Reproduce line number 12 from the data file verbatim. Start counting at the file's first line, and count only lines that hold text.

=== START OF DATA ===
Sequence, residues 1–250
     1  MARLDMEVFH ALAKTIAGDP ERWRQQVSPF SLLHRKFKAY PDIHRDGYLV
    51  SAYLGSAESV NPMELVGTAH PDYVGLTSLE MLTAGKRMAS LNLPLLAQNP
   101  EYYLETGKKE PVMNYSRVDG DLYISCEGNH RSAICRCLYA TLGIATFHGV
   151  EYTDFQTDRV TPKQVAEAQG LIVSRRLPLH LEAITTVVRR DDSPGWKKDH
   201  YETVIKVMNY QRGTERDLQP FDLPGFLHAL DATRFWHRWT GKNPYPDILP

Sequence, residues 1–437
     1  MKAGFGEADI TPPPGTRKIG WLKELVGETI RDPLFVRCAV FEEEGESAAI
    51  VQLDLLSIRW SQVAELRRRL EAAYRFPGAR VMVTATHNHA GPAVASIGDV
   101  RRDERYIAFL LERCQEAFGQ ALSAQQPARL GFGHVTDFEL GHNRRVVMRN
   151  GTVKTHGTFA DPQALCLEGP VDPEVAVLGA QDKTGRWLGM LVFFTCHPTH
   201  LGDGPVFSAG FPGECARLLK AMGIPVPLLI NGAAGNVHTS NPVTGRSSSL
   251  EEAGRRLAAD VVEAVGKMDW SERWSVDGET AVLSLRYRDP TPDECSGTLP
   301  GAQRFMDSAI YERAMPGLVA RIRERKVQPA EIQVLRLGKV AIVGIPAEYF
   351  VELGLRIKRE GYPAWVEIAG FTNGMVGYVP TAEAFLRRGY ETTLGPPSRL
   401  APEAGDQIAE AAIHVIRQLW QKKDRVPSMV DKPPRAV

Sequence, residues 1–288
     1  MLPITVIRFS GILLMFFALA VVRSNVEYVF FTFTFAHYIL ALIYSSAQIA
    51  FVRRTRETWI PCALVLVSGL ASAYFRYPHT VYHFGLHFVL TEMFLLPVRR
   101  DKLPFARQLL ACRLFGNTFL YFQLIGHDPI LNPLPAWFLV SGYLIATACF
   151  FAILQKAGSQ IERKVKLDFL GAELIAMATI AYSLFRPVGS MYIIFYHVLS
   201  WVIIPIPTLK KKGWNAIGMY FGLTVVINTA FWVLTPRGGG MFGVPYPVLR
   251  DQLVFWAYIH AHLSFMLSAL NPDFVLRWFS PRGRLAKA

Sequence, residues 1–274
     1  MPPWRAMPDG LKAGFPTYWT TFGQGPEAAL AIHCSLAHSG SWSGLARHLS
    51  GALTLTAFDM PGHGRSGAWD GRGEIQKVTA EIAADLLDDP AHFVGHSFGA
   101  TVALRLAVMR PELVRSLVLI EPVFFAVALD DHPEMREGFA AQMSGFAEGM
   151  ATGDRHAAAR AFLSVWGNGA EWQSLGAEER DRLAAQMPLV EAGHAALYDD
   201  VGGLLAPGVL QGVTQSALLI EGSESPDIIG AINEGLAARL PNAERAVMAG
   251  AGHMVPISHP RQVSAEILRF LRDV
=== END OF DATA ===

   201  LGDGPVFSAG FPGECARLLK AMGIPVPLLI NGAAGNVHTS NPVTGRSSSL